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Posts tagged "workplace injuries"

Fatal workplace injuries on the rise

The U.S. Bureau of Labor Statistics has released a new report showing a 7-percent jump in fatal workplace injuries between 2015 and 2016. It cited transportation as the most common cause of death on the job-accounting for about two-fifths of all incidences. Violence in the workplace rose 23 percent in the last year, making it the second most common cause of death at work.

What is your injury worth? Maybe less than you think, study finds

When it comes to seeking compensation for injuries after a work-related accident, it's oftentimes easy for insurers to total the damages that should be covered. That's because the cost of a doctor's visit, medical procedures, a hospital stay, an ambulance ride, prescription costs, other medical treatments and lost wages are relatively easy to calculate because they have a monetary cost associated with them. Psychological injuries, on the other hand, aren't so easy to calculate.

What is your injury worth? Maybe less than you think, study finds

When it comes to seeking compensation for injuries after a work-related accident, it's oftentimes easy for insurers to total the damages that should be covered. That's because the cost of a doctor's visit, medical procedures, a hospital stay, an ambulance ride, prescription costs, other medical treatments and lost wages are relatively easy to calculate because they have a monetary cost associated with them. Psychological injuries, on the other hand, aren't so easy to calculate.

Nurses: Perhaps the most overlooked victims of workplace injury

If you've ever spent time in a hospital in Georgia or anywhere else, you likely have a fond memory of at least one of the nurses on your floor. Their stories and compassion are legend. Unfortunately, so are their claims for on-the-job injuries.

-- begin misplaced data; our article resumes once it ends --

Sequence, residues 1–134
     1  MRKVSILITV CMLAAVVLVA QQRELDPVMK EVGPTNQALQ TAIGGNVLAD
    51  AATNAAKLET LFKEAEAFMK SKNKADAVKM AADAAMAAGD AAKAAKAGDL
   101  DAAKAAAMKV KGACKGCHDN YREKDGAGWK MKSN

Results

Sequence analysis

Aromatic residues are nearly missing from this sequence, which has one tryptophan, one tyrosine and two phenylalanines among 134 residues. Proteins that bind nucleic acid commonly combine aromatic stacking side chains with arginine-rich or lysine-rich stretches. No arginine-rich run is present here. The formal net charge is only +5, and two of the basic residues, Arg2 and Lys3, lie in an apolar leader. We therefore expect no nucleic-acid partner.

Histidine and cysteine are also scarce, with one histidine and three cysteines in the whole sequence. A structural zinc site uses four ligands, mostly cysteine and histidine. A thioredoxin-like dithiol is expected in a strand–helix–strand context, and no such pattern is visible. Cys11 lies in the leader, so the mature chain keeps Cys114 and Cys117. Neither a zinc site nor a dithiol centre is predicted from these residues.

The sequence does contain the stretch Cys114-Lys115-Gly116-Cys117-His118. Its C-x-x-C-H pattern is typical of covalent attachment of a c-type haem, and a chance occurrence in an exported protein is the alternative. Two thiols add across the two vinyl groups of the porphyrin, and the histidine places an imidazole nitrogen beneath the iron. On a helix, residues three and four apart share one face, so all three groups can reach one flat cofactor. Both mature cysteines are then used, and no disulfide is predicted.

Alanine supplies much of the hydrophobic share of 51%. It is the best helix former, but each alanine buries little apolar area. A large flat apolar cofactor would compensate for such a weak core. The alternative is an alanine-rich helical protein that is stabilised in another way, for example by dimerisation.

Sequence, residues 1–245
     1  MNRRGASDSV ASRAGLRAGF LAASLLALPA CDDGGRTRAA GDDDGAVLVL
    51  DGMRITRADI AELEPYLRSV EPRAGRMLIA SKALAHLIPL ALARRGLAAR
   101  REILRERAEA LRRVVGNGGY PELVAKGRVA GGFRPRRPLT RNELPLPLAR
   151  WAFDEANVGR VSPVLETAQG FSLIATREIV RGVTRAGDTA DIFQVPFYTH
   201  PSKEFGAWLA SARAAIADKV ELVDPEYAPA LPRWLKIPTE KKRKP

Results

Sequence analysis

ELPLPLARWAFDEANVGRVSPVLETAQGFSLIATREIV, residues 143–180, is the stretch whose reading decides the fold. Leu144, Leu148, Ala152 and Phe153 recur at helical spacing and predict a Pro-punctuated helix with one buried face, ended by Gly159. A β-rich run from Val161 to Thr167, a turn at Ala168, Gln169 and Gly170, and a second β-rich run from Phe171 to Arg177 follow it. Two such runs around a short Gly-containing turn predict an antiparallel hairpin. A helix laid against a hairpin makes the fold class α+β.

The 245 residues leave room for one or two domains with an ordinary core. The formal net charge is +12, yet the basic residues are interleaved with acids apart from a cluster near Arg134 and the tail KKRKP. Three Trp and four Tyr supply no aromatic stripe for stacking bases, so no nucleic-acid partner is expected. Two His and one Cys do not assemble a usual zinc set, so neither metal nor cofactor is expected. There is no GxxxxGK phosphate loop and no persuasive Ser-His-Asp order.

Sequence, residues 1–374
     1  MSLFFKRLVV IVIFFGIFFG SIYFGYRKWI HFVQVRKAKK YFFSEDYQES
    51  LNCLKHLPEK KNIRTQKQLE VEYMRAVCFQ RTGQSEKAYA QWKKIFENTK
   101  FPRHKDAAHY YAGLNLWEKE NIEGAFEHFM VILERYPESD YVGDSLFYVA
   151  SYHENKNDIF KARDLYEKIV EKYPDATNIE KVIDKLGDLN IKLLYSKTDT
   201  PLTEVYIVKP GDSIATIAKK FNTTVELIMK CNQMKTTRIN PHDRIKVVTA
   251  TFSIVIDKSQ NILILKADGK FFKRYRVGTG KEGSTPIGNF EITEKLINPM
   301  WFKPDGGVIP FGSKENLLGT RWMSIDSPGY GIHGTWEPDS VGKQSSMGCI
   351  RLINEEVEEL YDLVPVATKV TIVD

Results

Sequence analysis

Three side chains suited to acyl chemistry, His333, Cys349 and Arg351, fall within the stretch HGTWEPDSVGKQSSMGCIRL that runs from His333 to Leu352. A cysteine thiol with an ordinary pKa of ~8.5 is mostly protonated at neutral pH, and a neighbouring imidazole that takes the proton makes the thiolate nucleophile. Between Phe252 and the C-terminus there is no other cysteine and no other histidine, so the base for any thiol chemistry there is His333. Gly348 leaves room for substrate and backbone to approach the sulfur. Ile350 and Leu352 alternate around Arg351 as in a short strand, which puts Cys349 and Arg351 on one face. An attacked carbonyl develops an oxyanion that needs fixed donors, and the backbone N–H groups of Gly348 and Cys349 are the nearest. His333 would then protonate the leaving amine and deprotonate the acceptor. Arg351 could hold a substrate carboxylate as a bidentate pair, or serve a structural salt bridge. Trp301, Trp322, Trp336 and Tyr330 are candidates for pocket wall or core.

Five things that can cost you your workers' comp in Georgia

Most workers in Georgia know that if they suffer an on-the-job injury, then the costs of treatment and lost wages will be covered by their employer's workers compensation insurance. Unfortunately, far too many workers don't understand that there are things they might be doing that could jeopardize this coverage.

Is your employer one of the 'Dirty Dozen?'

In 1970, the Occupational Health and Safety Act was signed, promising safer working environments for employees all across the nation. Since its passage, "the number of annual workplace deaths has dropped by 65 percent," states a recent article for Oye! Times. Unfortunately, despite the passage of the OHS Act, workplace accidents are still happening resulting in injuries, occupational illnesses and fatalities.

Dairy manure ponds just one deadly hazard in agricultural work

The Idaho Statesman recently published a major story on the dangers of agricultural work, and especially the hazards associated with manure ponds. While the focus was on Idaho, there's no reason the accidents described in the story couldn't have occurred here in Georgia.

Top 4 reasons not to return to work too quickly after an injury

Even though employees are an employer's most valuable asset, when it comes to work-related injuries, an employer's best interests can sometimes be at odds with an employee's best interests. On-the-job injuries can lead to higher insurance premiums, which isn't ideal for employers. Unfortunately, returning to work too quickly after an injury isn't good for employees.

So, your employer doesn't believe you are really injured...

Suffering an injury that no one can see from the outside can be incredibly frustrating, especially when that injury is work-related. You know that your pain is real, you will need medical attention and you will need time away from work to heal. Unfortunately, your boss has a skeptical look in their eye, possibly even thinking you're lying about your condition.

Is compensation for an illness possible after employment ends?

The answer to the question above might not seem very promising when faced with the results in a 1998 article published by the Journal of Occupational & Environmental Medicine. According to a study outlined in the article, roughly 97 percent of workers living with an occupational illness don't receive compensation for their work-related condition.

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